3. Curry Udon
“Curry Udon” is literally the combination of curry and udon noodles, two of the most favorite foods of Japanese people. It is one of the most popular udon variations and served at many restaurants around Japan.
“Nakau,” the restaurant chain especially noted for its udon and oyako-don (bowl of rice topped with chicken and egg), and “CoCo Ichibanya,” the Guinness certified world’s largest curry shop chain, are among the places serving curry udon. It would be interesting to compare the variation of curry udon between these two popular chain shops.
Established in 1969 and located close to Yasaka Shrine in Kyoto, Mimikou is an udon shop specialized in curry udon. Besides many variations of curry udon, they also offer vegetarian items. Visited by many overseas tourists, they conveniently provide high level multi-lingual customer service. During summertime, they also serve “cold curry udon,” which you can rarely find elsewhere.
Area: Near Gionshijo Station in Kyoto / Open All Year Round, Map
4. Yaki Udon
A survey conducted in 2014 with overseas tourists to Japan proved Yakiudon (udon noodles grilled with assorted vegetables and meat) to be one of the top 10 most popular foods among them. While many “yakisoba” is seasoned with sweet Worcester sauce, soy sauce based sauce is most commonly used with yakiudon. As yakiudon is served at many okonomiyaki shops, it would be a great idea to visit an okonomiyaki shop and order both yakiudon and okonomiyaki to share with your friend.
Fukiya is a popular okonomiyaki shop chain in Fukuoka, which boasts very addictive thick starchy sauce. Yakiudon with a lot of moyashi bean sprout is one of the top recommendations here. Most items on their menu are quite voluminous, so whenever you have some leftover food, you can have it packed to bring it back to your hotel as do many locals here in Fukuoka.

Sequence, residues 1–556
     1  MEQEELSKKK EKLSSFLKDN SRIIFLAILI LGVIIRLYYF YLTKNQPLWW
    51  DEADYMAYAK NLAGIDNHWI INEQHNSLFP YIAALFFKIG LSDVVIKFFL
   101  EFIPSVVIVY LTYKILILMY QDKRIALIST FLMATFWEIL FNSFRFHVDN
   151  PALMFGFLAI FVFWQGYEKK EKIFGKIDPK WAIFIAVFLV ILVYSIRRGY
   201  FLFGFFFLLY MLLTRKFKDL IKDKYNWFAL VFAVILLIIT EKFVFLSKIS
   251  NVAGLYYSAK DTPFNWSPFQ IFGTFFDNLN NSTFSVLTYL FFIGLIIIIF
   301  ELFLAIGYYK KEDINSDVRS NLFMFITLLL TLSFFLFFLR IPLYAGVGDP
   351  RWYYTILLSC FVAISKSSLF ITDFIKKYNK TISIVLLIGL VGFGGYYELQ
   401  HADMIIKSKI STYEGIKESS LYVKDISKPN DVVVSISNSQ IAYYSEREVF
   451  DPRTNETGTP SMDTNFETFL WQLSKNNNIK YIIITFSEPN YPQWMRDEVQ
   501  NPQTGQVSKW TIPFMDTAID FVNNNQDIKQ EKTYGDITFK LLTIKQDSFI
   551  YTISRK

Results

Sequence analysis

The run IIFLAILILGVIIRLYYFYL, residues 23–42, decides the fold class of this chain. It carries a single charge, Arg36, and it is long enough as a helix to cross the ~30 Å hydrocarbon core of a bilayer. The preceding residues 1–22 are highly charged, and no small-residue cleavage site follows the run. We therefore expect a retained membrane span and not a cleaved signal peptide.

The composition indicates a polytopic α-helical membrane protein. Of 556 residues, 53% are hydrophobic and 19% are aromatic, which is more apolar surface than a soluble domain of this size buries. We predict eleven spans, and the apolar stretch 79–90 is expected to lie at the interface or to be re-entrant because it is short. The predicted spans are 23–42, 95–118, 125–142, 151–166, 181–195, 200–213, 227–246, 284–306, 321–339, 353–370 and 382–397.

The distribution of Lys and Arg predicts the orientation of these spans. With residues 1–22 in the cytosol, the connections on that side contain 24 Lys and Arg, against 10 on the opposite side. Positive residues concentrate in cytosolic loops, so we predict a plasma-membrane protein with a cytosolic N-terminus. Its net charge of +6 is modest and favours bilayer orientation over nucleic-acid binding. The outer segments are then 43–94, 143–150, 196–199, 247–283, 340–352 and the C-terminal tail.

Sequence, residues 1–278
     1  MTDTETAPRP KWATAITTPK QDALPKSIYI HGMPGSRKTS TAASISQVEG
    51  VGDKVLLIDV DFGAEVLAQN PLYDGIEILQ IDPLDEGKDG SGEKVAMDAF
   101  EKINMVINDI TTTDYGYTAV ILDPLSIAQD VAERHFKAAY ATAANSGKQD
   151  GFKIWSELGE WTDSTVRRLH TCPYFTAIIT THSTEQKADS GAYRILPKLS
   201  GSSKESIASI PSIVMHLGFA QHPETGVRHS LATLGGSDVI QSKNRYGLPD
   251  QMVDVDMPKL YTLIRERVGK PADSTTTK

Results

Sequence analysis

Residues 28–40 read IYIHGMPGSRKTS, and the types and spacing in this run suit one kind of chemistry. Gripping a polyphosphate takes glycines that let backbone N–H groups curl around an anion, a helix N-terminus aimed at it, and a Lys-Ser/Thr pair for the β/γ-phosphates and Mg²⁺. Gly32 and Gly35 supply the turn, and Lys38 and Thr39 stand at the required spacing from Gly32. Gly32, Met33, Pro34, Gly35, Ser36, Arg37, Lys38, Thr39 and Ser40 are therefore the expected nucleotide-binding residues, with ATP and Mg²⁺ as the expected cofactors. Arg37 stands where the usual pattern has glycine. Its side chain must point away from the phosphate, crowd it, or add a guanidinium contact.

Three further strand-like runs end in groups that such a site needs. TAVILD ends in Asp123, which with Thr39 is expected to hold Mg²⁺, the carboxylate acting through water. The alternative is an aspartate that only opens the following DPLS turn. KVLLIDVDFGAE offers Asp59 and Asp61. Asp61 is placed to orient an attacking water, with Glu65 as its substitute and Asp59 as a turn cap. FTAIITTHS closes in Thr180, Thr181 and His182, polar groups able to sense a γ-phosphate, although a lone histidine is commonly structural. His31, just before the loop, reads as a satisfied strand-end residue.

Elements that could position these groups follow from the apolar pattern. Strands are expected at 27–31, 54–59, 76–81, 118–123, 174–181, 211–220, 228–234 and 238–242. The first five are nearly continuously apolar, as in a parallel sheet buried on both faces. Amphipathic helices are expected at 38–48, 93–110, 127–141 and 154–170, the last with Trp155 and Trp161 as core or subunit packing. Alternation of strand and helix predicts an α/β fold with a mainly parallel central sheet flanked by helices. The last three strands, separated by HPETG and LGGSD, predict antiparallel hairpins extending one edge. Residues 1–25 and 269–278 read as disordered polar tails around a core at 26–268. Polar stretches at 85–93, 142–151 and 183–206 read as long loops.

“Champon” is a dish originated in Nagasaki Prefecture, Kyushu. Champon noodles, which are thicker than those used in ramen, are served with stir-fried vegetables and seafood toppings in paitan soup.
RingerHut is especially famous as a nationwide champon restaurant chain. Their “Yasai Tappuri Champon (hearty vegetable champon)” features as much as 480 grams of vegetables and is especially popular among females.
6. Sara Udon
“Sara Udon” is yet another dish originated in Nagasaki. There are two variations of sara udon; one of them features thin crispy fried noodles served with starchy sauce and the other features thicker noodles that are like stir-fried ramen or a bit similar to yakiudon. (See the difference in their appearance in the photo.)
If you like yakiudon already, you will certainly fall in love with champon as well.
Ganso Pikaichi is a Chinese restaurant in Fukuoka, which is highly noted for champon and sara udon. Both champon and saraudon here are not too strongly seasoned and feature rich flavors of seafood extract. They also offer various other Chinese dishes among which is very popular small-sized gyoza dumplings.
Area: Near Hakata Station in Fukuoka / Closed on Sunday, Map